Such Sweet Sorrow: Romeo Parting With West 22nd Street | chelseanow.com

We’re Pink for Breast Cancer Awareness Month!


Such Sweet Sorrow: Romeo Parting With West 22nd Street

What a great “Guy.” Romeo has spent over two decades as a W. 22nd St. mail carrier, where he’s become a valued source of real estate advice, gossip, and jokes. Photo by Allen Oster.

What a great “Guy.” Romeo has spent over two decades as a W. 22nd St. mail carrier, where he’s become a valued source of real estate advice, gossip, and jokes. Photo by Allen Oster.

Romeo Guy is not just our mail carrier. He’s part of the fabric of our block, and has been for over 20 years. It is hard to imagine the neighborhood without him. Though he is not retiring, he has requested a change of route that doesn’t require stairs. His knees have not been happy.

Romeo would sign slips for us when packages required a signature, retrieve a package if we gave him a delivery slip, and hold our mail when we went away. His wonderful memory kept all of our schedules straight — and our personal stories as well. But what will be missed the most is his ready smile and ability to pick up the thread of a joke from years ago.

On a personal note, when my daughter (who is now 26) graduated high school, we had a party. Along with friends and family, we invited many people who had touched her life: [the late] Claude [Rolls], who lived in his car, Renata from the Empire Diner. Romeo was another one. He and his wife attended, and it was wonderful.

Karen Jacob

 

Since 1996, Romeo Guy has been delivering mail to the 400 block of W. 22nd St. Over the years, delivering mail became more than just a paycheck. Romeo always went the extra mile to assist the residents on his route. Over time, we became “family” to him. Romeo not only brought us the good news and the bad news — he delivered it with a wonderful spirit and enthusiasm. I wish him all the best and know that the residents on his new route will grow to admire and respect him as all of us do.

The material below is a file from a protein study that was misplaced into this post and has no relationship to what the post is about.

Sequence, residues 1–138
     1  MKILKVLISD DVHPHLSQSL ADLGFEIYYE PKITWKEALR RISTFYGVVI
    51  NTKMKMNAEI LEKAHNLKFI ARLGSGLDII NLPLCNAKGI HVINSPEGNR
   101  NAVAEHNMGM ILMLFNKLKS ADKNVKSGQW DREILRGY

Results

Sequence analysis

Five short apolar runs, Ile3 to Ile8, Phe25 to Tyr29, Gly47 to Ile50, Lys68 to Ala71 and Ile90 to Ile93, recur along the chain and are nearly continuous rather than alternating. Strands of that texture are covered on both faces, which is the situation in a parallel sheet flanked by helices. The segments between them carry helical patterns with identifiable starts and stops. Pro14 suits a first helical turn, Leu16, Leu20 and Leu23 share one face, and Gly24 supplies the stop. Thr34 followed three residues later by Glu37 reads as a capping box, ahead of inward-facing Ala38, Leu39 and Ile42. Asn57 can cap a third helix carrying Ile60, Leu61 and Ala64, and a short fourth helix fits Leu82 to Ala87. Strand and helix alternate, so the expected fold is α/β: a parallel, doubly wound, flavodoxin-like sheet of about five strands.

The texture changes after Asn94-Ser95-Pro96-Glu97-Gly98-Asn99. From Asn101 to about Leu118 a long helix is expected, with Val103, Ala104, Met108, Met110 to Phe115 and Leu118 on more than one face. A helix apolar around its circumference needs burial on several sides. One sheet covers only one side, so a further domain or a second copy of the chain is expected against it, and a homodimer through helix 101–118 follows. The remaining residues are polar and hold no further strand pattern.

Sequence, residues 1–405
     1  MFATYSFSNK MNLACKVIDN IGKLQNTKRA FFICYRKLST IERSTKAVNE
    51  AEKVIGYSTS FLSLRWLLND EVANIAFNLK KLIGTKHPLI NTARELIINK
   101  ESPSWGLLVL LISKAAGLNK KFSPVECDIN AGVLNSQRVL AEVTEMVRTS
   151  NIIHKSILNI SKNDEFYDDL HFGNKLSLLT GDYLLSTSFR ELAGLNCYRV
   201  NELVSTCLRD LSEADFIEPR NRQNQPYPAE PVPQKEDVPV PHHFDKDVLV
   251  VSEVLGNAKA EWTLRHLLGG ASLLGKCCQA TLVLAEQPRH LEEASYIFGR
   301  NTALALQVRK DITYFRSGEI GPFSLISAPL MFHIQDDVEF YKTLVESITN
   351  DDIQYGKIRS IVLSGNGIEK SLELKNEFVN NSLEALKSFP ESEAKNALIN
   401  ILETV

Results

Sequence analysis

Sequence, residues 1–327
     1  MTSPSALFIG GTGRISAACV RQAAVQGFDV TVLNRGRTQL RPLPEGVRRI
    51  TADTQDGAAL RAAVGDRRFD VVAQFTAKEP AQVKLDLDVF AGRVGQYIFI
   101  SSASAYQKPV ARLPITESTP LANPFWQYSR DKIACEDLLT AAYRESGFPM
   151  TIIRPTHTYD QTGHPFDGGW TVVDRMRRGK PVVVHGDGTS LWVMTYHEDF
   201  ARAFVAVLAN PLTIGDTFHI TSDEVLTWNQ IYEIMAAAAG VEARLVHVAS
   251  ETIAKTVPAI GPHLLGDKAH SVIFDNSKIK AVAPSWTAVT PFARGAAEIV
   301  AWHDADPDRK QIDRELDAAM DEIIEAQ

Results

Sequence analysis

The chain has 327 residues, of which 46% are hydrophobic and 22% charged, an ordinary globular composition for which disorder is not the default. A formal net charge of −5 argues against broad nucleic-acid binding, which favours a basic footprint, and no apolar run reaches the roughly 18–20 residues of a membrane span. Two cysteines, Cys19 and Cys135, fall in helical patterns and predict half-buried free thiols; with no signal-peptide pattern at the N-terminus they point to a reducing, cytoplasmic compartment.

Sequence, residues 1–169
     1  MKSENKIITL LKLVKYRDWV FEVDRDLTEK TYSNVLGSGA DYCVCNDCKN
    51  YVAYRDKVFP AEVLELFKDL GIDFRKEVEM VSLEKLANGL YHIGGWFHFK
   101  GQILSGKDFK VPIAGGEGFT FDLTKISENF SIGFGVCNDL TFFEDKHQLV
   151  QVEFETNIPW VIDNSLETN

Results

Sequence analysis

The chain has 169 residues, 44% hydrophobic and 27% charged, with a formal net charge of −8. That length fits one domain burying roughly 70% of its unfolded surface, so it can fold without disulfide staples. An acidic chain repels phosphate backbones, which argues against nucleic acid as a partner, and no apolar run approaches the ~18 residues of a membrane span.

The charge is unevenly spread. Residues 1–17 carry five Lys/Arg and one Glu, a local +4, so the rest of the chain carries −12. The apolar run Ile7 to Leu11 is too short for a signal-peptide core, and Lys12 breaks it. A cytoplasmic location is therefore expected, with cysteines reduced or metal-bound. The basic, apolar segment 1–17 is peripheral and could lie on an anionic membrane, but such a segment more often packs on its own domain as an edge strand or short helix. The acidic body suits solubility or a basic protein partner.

Allen Oster

 

When people ask me how I can live in New York City, I usually end up explaining that I live in a village called Chelsea, and it just happens to be in NYC. I point out that I know many people in the neighborhood, and usually start with our letter carrier, Romeo Guy. How long I have known Romeo is a mystery, though I know he has been our mailman for a long time. We often chat, about his family here and in the Philippines, about the origin of his name, and, because I am fascinated by languages, about his native language, Tagalog. When I saw him on W. 21st St. the other day, I was startled, and he stopped to explain the change. The substitute mail people that have been walking his beat are probably tired of me asking “Where’s Romeo?” Now I know. We all will miss him, and he won’t even be that far away — though sometimes in this city, a block is another world.

Zazel Loven

 

Having just learned about Romeo’s route change, I’m glad to know that it was at his request. I wish I could be there to wish him well. He used to deliver to my side of the block, and of course I knew him at Dupuys [Dupuys Landing Guest House, a Bed & Breakfast on W. 22nd St.]. He is a treasure.